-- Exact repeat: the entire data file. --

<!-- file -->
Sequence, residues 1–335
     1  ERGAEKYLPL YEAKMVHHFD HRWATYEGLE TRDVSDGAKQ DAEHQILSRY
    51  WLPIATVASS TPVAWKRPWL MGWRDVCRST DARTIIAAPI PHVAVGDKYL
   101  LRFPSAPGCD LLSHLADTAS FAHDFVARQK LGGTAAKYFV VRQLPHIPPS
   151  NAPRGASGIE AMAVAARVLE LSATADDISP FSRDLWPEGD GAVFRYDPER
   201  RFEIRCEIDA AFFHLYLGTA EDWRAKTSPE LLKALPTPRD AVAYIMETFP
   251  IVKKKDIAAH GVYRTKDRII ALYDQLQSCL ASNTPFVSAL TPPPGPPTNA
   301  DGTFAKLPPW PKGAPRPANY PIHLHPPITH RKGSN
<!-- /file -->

Sequence, residues 1–335
     1  ERGAEKYLPL YEAKMVHHFD HRWATYEGLE TRDVSDGAKQ DAEHQILSRY
    51  WLPIATVASS TPVAWKRPWL MGWRDVCRST DARTIIAAPI PHVAVGDKYL
   101  LRFPSAPGCD LLSHLADTAS FAHDFVARQK LGGTAAKYFV VRQLPHIPPS
   151  NAPRGASGIE AMAVAARVLE LSATADDISP FSRDLWPEGD GAVFRYDPER
   201  RFEIRCEIDA AFFHLYLGTA EDWRAKTSPE LLKALPTPRD AVAYIMETFP
   251  IVKKKDIAAH GVYRTKDRII ALYDQLQSCL ASNTPFVSAL TPPPGPPTNA
   301  DGTFAKLPPW PKGAPRPANY PIHLHPPITH RKGSN